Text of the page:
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Expat Exchange - Christmas in Uzbekistan
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Bukhara, Uzbekistan


Christmas in Uzbekistan

By Betsy Burlingame

AGS Worldwide Movers
AGS Worldwide Movers

Summary: Explore the festive traditions of Christmas and New Year in Uzbekistan, where the celebrations are marked by special foods, church ceremonies, the exchange of gifts, and an array of cultural customs.

The holiday season in Uzbekistan offers a unique experience, blending local customs with festive traditions. For expats and digital nomads spending their first Christmas and New Year's in this Central Asian nation, the period is marked by a mix of the country's rich cultural tapestry and the universal spirit of the holidays.

Christmas and New Year's Celebrations in Uzbekistan

While Uzbekistan is predominantly a Muslim country, Christmas and New Year's are celebrated by the local Christian community and enjoyed by people of various backgrounds. The New Year's holiday, in particular, is widely observed with much fanfare. Festivities for both occasions are characterized by family gatherings, festive meals, and, in urban areas, vibrant decorations and lights that add a touch of magic to the cold winter days.

Local Traditions and Festive Events

Leading up to the holidays, cities like Tashkent, Samarkand, and Bukhara come alive with decorations and lights. New Year's trees, or "Yolka," are put up in homes and public spaces, similar to Christmas trees in the West. Events such as concerts, fairs, and performances are common, with people enjoying the celebratory atmosphere. The Alisher Navoi National Park in Tashkent, for instance, becomes a hub of holiday activity, with its own winter market and ice-skating rink.

The Uzbek Version of Santa Claus

In Uzbekistan, the figure of Grandfather Frost, known locally as "Qor Bobo," takes the place of Santa Claus or Father Christmas. Accompanied by his granddaughter, Snegurochka, he is said to bring gifts to children. The exchange of presents is a part of the celebration, with a focus on tokens of love and appreciation rather than extravagant gifts. Handicrafts, sweets, and books are common gift choices among Uzbeks during this time.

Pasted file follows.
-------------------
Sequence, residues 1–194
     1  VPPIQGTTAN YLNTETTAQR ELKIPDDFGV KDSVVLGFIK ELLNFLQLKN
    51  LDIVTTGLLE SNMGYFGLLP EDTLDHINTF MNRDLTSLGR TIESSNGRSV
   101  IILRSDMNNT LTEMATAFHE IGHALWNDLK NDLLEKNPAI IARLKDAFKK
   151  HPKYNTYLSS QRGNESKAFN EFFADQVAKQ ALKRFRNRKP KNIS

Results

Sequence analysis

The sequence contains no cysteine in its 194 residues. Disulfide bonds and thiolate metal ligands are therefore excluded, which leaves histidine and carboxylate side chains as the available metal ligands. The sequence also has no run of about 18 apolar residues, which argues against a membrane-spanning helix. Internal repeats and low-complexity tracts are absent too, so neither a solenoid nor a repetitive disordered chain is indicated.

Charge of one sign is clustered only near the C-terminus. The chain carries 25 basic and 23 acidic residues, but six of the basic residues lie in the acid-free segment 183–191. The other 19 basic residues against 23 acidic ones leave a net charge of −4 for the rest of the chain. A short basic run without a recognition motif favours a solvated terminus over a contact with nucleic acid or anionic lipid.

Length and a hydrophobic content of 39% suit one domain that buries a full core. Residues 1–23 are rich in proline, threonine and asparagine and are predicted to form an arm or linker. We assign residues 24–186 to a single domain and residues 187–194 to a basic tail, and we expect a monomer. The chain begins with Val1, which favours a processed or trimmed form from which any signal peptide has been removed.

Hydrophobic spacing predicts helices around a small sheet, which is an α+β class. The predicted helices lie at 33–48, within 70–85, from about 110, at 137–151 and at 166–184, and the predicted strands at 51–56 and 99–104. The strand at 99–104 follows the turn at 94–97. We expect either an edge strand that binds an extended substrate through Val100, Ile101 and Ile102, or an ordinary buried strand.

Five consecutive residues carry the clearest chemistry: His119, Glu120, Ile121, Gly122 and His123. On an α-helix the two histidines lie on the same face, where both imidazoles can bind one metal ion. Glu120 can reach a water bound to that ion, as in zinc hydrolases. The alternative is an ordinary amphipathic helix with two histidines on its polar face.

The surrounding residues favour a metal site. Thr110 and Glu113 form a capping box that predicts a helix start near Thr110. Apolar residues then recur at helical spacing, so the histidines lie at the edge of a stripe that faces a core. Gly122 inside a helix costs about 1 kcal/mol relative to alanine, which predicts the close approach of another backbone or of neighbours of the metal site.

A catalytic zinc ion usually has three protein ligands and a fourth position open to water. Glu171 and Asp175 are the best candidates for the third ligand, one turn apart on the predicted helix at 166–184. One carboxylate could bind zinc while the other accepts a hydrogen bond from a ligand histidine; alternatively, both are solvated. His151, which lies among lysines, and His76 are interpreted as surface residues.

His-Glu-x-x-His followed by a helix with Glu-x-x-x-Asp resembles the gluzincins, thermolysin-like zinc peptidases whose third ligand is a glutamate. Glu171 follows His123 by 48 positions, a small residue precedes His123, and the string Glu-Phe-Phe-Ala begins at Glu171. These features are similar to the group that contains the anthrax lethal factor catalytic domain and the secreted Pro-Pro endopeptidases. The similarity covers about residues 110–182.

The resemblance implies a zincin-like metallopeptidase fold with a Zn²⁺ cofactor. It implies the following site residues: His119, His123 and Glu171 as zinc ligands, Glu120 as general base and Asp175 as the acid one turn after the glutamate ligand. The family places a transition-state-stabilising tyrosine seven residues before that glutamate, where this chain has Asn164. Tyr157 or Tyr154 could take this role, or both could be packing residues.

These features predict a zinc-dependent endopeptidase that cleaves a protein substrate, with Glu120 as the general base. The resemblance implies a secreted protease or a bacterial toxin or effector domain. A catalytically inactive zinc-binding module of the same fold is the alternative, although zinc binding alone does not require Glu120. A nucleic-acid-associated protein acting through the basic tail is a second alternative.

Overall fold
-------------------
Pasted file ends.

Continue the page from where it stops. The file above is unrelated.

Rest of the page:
Festive Foods and Desserts

The holiday table in Uzbekistan is a spread of traditional dishes and sweets. For New Year's, "Olivier salad," a type of Russian potato salad, is a staple, alongside "somsa," pastries filled with meat or vegetables. Desserts such as "pahlava," a sweet pastry, and "nisholda," a whipped confection, are enjoyed by families. The festive meals are a time for togetherness and indulgence in the rich flavors of Uzbek cuisine.

Christmas Eve and Day Customs

Christmas Eve and Christmas Day are quieter affairs, with the Christian community attending church services. The Russian Orthodox Church, which serves a portion of the Christian population, celebrates Christmas on January 7th, following the Julian calendar. Services are held on Christmas Eve and Christmas Day, with many attending the nighttime liturgy to mark the holy occasion.

Church Attendance and Religious Observance

For those who observe the religious aspect of Christmas, attending church is an important part of the holiday. The Orthodox Christian community, as well as Catholics and Protestants in Uzbekistan, have their own places of worship where they gather for services. While not the majority, these communities come together to celebrate with prayer, song, and fellowship.

Hotspots for Holiday Festivities

Certain towns and neighborhoods in Uzbekistan are particularly known for their festive spirit. In Tashkent, the area around Amir Timur Square is renowned for its elaborate decorations and New Year's tree. The city of Bukhara, with its ancient architectural backdrop, offers a picturesque setting for holiday markets where one can find traditional crafts, warm drinks, and local treats.

For expats and digital nomads in Uzbekistan, the holiday season is an opportunity to witness the country's cultural diversity and participate in local customs. While Christmas may not be celebrated with the same fervor as in predominantly Christian countries, the warmth and hospitality of the Uzbek people, combined with the joyous atmosphere of New Year's, make for a memorable end to the year. From the twinkling lights of Tashkent to the festive markets of Bukhara, the holidays in Uzbekistan are a time of community, celebration, and the sharing of good wishes for the year ahead.

About the Author

Betsy Burlingame Betsy Burlingame is the Founder and President of Expat Exchange and is one of the Founders of Digital Nomad Exchange. She launched Expat Exchange in 1997 as her Master's thesis project at NYU. Prior to Expat Exchange, Betsy worked at AT&T in International and Mass Market Marketing. She graduated from Ohio Wesleyan University with a BA in International Business and German.

Some of Betsy's articles include 12 Best Places to Live in Portugal, 7 Best Places to Live in Panama and 12 Things to Know Before Moving to the Dominican Republic. Betsy loves to travel and spend time with her family. Connect with Betsy on LinkedIn.


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Bukhara, Uzbekistan

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SJB Global is a top-rated financial advisory firm specializing in expat financial advice worldwide, offering retirement planning & tax-efficient solutions with a regressive fee model.
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